“What happened Rajesh? You are unusually quiet. I know it is late. But beta you are aware, I wait for our game of chess the whole day. Don’t deny me this pleasure.”
Ali walked up to the bed, picked up a rickety chair and sat in front of the table on which was arranged a chess board.
The old man had sat up and was peering at the pieces.
“I can barely make out the pieces.”
Ali reached out and picking up the table lamp placed it on the stool beside the bed. The light now fell directly on the pieces.
“Good. Now it is much better,” the old man said and picking up the knight played his first move.
In the slum where Ali lived was a cycle repair shop. it was owned by Yadav who was crazy about chess. He had taught Ali the basics of chess. And now Ali considered himself a good player.
The old man looked a picture of concentration. His brows were knit, his eyes fixed on the board, and he seemed oblivious to everything. He had not looked up even once at Ali.
“Hey Rajesh, you seemed to be improving. You are playing quite good. Your last move was a very good one. If you hadn’t moved your rook in time you would have been in serious trouble.”
Soon Ali got completely absorbed in the game. The old man was playing really well. Ali who prided himself on his chess playing abilities was now fighting with his back to the wall. He had lost this queen and both the knights. He tried a desperate gamble and a couple of moves later he was confident he had trapped the old man.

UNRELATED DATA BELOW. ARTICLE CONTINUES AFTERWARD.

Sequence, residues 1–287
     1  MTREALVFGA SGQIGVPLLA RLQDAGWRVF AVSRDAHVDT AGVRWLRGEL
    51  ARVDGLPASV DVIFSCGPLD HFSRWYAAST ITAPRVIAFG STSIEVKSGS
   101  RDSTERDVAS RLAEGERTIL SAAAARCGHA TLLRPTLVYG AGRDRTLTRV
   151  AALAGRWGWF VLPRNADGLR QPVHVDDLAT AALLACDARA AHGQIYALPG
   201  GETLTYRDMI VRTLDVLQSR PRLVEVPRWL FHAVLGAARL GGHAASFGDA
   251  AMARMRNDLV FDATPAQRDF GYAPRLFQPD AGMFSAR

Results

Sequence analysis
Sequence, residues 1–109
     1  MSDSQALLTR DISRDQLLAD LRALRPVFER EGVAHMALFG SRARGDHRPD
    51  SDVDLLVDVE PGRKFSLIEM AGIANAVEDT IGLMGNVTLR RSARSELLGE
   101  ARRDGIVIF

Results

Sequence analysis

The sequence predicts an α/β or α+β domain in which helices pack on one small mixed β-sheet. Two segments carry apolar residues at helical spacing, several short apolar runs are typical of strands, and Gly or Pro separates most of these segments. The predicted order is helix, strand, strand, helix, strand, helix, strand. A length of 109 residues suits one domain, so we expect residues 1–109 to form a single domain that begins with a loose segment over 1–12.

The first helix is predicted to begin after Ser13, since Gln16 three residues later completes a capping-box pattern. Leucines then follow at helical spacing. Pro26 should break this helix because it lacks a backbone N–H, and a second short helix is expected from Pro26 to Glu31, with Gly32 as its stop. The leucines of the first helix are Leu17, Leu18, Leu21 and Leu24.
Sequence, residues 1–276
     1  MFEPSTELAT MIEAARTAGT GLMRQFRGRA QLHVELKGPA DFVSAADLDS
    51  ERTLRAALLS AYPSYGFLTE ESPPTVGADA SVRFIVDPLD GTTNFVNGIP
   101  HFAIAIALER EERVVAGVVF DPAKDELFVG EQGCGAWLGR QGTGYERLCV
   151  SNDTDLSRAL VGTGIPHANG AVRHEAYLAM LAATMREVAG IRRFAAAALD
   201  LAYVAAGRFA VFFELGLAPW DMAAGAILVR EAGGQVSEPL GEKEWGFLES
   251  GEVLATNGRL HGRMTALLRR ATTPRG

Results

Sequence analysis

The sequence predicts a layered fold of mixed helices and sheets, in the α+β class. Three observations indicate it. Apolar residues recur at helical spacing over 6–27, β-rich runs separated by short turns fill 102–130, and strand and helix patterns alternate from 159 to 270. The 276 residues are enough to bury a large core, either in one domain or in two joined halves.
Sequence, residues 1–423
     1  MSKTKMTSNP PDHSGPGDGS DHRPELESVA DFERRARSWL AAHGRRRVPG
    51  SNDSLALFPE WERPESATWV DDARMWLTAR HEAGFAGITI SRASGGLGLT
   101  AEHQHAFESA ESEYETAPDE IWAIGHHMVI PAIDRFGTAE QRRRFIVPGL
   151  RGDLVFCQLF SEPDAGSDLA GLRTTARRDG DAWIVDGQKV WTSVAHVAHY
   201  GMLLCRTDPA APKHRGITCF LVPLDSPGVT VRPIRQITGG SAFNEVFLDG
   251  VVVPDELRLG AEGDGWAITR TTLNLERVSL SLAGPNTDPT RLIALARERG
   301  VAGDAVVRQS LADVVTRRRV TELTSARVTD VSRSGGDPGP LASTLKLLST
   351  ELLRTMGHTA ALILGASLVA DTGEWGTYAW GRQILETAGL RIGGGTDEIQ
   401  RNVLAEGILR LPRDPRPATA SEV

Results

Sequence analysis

“Check, my dear Rajesh,” the old man said and added, “And mate.” He clapped his hands. Ali looked at the old man’s beaming face and then at his king.
Yes, he had well and truly lost.
“Great, I really enjoyed myself today after a long time. Now what about another game.”
Ali grunted and started arranging the pieces.
“I can’t lose to an old and senile fellow. I have to beat this old man,” Ali thought as he played his first move.
“Who the hell are you,” he heard a sharp voice and jumped out of his chair.
A short and well-built man was standing glaring at him.
“I...I...” Ali could only stammer. He was cursing himself and racking his brains for an escape. Just behind the stocky man was a door. The man advanced towards him and before Ali could back out grabbed his collar and yanked him forward.”
“Answer me you rascal. Who are you?”